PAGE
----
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As we close in on the Christmas holiday, I thought I’d share a little information that I discovered while doing research for my Civil War novel Shades of Gray.

When I was getting the manuscript critiqued before publication, I had so many readers question a comment about Santa Claus that I removed it altogether. I knew it was historically accurate, but since so many people did not know that Santa was around during the War Between the States, I decided to take it out. For those who don’t know Santa’s origins in the United States, here is what I found.

As early as 1773 there is a reference to “St. A. Claus” from the Dutch legend of Sinter Klaas. But the reason I knew I was correct in referring to Santa Claus in the 1860s is because the poem, Twas the Night Before Christmas, was published in 1823. In the poem, writer Clement Clark Moore adds to the folklore by including names of Santa’s reindeer, his laugh and winks, and the method by which he returns up the chimney (Remember? Lays his finger aside of his nose).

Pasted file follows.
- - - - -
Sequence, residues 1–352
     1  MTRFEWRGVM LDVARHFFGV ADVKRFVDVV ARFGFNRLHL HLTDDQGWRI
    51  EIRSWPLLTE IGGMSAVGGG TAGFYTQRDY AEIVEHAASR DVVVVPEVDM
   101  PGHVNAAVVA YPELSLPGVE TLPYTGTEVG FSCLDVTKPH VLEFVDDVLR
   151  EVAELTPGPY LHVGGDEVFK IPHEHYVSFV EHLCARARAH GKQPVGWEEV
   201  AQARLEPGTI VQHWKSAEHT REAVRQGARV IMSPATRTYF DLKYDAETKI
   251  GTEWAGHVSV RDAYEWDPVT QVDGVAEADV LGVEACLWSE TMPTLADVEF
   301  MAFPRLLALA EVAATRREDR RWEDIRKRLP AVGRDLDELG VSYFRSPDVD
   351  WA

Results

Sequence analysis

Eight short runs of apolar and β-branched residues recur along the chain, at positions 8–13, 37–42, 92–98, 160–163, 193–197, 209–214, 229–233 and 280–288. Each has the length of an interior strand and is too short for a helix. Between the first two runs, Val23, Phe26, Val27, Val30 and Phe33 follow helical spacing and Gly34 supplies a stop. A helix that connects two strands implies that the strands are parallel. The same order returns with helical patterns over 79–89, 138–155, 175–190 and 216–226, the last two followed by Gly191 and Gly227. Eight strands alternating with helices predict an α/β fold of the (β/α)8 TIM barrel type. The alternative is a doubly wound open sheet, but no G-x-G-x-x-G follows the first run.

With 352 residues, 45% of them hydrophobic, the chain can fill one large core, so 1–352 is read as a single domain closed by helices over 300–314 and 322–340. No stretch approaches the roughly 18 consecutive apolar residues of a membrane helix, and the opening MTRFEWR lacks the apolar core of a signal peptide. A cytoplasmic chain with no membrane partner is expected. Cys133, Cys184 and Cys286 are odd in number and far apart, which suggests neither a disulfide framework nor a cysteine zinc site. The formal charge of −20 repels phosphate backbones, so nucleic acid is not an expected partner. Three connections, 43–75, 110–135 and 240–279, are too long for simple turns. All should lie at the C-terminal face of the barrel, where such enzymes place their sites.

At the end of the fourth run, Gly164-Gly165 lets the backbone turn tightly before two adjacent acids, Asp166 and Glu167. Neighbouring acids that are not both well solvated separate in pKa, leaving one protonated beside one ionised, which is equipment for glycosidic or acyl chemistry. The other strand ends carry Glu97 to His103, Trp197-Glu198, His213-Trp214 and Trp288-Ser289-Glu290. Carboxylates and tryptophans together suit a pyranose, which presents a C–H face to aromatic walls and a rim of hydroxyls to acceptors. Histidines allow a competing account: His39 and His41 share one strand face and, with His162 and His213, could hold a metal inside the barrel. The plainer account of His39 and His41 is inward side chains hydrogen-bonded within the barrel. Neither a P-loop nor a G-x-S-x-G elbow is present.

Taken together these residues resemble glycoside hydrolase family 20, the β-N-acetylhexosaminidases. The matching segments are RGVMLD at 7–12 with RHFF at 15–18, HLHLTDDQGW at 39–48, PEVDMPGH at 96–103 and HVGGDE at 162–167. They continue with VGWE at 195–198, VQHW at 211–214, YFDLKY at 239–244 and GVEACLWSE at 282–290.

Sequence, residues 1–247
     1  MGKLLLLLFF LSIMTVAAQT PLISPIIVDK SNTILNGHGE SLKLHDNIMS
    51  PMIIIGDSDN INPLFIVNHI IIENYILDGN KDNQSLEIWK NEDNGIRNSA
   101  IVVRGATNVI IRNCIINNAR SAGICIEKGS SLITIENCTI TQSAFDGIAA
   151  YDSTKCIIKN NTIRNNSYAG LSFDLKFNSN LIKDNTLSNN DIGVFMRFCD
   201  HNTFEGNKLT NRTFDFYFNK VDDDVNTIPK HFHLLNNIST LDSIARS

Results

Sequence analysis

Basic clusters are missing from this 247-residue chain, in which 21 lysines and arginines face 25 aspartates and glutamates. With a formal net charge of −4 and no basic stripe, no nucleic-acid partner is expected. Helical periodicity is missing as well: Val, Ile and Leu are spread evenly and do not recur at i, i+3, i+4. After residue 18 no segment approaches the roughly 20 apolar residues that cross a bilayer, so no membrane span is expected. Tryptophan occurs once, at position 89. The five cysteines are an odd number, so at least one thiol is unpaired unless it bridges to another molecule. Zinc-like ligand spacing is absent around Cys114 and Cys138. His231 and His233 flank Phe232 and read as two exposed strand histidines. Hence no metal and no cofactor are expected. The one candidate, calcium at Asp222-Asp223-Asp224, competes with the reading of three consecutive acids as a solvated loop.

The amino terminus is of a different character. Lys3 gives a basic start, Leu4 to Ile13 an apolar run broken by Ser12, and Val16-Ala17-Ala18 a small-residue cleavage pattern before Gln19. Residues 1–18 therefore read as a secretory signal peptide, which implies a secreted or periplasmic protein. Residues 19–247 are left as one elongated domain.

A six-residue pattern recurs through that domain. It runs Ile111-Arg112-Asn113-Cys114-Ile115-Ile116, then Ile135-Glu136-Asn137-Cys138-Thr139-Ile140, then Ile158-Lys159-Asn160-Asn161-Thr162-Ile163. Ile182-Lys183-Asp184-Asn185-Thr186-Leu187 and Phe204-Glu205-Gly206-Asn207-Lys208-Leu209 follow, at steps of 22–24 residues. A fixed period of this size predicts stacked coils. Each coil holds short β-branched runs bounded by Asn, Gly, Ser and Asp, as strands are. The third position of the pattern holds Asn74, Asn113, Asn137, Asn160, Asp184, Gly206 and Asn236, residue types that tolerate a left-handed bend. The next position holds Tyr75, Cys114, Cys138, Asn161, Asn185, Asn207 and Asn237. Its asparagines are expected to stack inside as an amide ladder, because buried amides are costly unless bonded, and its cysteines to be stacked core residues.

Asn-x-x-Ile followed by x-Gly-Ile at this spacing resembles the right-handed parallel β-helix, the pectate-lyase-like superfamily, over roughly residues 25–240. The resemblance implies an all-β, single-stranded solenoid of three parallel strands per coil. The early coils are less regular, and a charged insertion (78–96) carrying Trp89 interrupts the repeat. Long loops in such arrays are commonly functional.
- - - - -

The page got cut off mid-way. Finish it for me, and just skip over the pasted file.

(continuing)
That American image of Santa Claus was further enhanced in the 1860s by illustrator Thomas Nast, a German immigrant, who depicted a rotund Santa for the Christmas issue of Harper’s magazine. Nast added details of Santa’s workshop at the North Pole and his list of good and bad children. (By the way, Rudolph didn’t come about until 1939 in an advertising campaign by Montgomery Ward Company).

A Christmas Carol, published in 1843 by Charles Dickens, is credited with changing the philosophy of the holiday to one of family, goodwill and charity to others.

Christmas was declared a national holiday in 1870 by President Ulysses S. Grant.

Ending Tidbit: First line of A Christmas Carol: “Bah! Humbug!”
Last Line: “Merry Christmas, and may God Bless us, everyone!”

 

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